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Officer says 11-year-old girl solicited by adult could face child pornography charges, video shows

COLUMBUS, Ohio — A Columbus police officer summoned to his home by a father concerned that his 11-year-old daughter was being solicited by an adult man repeatedly said the girl could face charges for sending explicit sexual images. ‘herself.

Body camera footage obtained by The Associated Press showed the Sept. 15 interaction between the father and two police officers. The father closed the door angrily after one of the officers told him his daughter could be charged with making or recording images of child sexual abuse while she was the victim.

The parent posted a now-viral security video of the conversation to TikTok that sparked widespread criticism of the officer’s response.

The officers’ conduct is under investigation, as well as any crimes that may have been committed against the girl, Columbus Police Chief Elaine Bryant said in a statement Tuesday. She also said the ministry had asked to apologize to the father.

Police have not released the father’s name, and the AP is not identifying the alleged victims of sexual abuse or domestic violence. He did not immediately respond to requests for comment from the AP.

Security video and audio from redacted body camera footage show the officers talking with the father outside his home after midnight.

He told police his daughter was already sleeping and he hoped they could help talk to her about the seriousness of the situation. The police officer quickly told her that her daughter could be charged with creating sexually explicit content.

The father protests and claims that this is a child who was manipulated by an adult, according to the police report and the father’s TikTok video. The policeman asks her if she was taking photos and the father ends the conversation.

In the audio from the body camera footage, the officer can be heard saying again as she walks away from the house: “She’s taking naked pictures of herself. She’s creating child pornography.”

In a preliminary incident report, the officer lists the possible charge under investigation as “proximity of sexual material involving a minor” for the creation or production of material, and cites part of Ohio law that prohibits the creation, recording or publication of child sexual abuse. materials. A separate part of the law that was not cited prohibits knowingly soliciting, receiving, purchasing or possessing this material.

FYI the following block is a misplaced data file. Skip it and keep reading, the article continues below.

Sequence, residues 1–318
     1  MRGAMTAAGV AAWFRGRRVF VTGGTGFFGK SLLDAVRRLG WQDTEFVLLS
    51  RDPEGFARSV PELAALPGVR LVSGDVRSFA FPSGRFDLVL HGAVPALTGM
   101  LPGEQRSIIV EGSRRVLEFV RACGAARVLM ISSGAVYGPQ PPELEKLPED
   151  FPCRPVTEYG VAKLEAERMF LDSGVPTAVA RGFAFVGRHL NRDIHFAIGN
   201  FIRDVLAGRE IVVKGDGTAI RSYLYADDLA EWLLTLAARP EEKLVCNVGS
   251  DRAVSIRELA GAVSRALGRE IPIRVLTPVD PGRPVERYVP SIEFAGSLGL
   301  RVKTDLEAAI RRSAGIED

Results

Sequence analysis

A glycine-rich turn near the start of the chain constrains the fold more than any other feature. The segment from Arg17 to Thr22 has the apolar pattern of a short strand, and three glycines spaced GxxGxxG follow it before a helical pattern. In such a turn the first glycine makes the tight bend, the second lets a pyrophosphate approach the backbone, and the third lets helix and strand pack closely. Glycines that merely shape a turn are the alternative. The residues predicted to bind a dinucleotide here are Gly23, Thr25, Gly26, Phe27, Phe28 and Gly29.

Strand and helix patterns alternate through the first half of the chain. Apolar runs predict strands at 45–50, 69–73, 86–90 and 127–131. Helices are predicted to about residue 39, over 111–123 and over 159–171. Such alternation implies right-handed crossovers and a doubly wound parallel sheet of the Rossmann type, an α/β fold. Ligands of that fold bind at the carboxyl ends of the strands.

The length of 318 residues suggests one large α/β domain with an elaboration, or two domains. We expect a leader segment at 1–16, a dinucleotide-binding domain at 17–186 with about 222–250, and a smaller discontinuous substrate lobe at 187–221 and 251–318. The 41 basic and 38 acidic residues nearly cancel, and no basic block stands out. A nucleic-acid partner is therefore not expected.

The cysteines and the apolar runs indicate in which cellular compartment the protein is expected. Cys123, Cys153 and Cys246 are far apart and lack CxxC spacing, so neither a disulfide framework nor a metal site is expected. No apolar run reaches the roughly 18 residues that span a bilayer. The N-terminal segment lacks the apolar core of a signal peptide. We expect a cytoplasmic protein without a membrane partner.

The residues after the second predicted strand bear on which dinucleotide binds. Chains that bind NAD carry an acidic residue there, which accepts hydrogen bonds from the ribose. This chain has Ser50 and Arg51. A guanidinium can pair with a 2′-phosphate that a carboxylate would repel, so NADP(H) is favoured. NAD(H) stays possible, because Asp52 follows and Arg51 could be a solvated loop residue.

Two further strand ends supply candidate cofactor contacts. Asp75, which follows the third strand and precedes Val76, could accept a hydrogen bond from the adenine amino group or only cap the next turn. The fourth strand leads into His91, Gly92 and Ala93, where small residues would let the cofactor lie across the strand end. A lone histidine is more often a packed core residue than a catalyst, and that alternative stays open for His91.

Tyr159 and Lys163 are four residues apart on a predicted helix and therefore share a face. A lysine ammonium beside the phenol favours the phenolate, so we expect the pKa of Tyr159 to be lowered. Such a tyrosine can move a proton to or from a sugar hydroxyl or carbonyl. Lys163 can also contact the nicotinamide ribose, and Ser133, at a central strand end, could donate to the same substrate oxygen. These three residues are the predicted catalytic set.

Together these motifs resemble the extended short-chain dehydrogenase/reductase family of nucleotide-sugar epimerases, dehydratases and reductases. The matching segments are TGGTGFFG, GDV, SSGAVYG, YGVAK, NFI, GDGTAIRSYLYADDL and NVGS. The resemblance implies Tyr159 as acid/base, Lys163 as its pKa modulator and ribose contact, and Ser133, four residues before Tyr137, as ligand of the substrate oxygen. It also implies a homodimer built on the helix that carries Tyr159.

In a statement Tuesday, the police chief repeatedly referred to the 11-year-old as the victim of a crime. She said the officers’ conduct fell short of her expectations that officers “treat every victim of crime with compassion, decency and dignity.”

The AP also obtained audio of the father’s call to police and a dispatch log containing notes from responding officers.

According to the dispatch log, the father called 911 around 6:50 p.m. on September 14 and was told they would send a female police officer. He called back around 7:50 p.m. to say the response was taking too long. Police showed up at the family’s home more than five hours later, after midnight on September 15.

Video footage shows the father informing officers his daughter is sleeping and saying he wasn’t sure what they could do.

The police report identifies the officers as Kelsie Schneider and Brian Weiner. A number listed for Schneider went straight to voicemail. Weiner answered a call but asked a reporter not to contact him.

Officers’ notes in the logbook and incident report accuse the father of ending the conversation before they could discuss possible outcomes, saying he was “immediately upset.”

Despite the police chief’s statement referring to the child as a victim, Columbus police did not respond to questions about whether she could still face charges.

A police spokesperson also did not respond whether any other children had been charged in Columbus under Ohio laws regarding child sexual abuse images. It was unclear whether the department had a policy regarding charging juveniles with these crimes.

Police said the officers’ actions have been referred to the Inspector General’s office and are under review.

One of the responding officers wrote in the incident report that she contacted detectives from the sexual assault unit, citing “the seriousness of the crime and lack of cooperation” and was advised to “write a miscellaneous incident report”. It is unclear why an officer from the sexual assault section or child exploitation division did not respond to the call and why the response was so late.

CBS Columbus affiliate WBNS-TV quotes Columbus Fraternal Order of Police Chief Sgt. Brian Steel, saying officers must be held accountable and will be held accountable if an investigation finds they acted inappropriately.

“If the officer violated the policy, then he or she will be disciplined accordingly. It’s that simple,” Steel said. “We can talk about her empathy, her callousness. Those are all things we can discuss. But again, did she violate any policy, yes or no. If she did, she will be held responsible.”

The head of the Franklin County Internet Crimes Against Children Task Force, Sgt. Mike Weiner stressed to WBNS that parents who suspect their child has been the victim of an online predator should not be afraid to report it to the police and do so as soon as possible.

“They should make that call every time,” Weiner said. “Whatever we investigate, that would be our goal, to find the offender and hold them accountable.”


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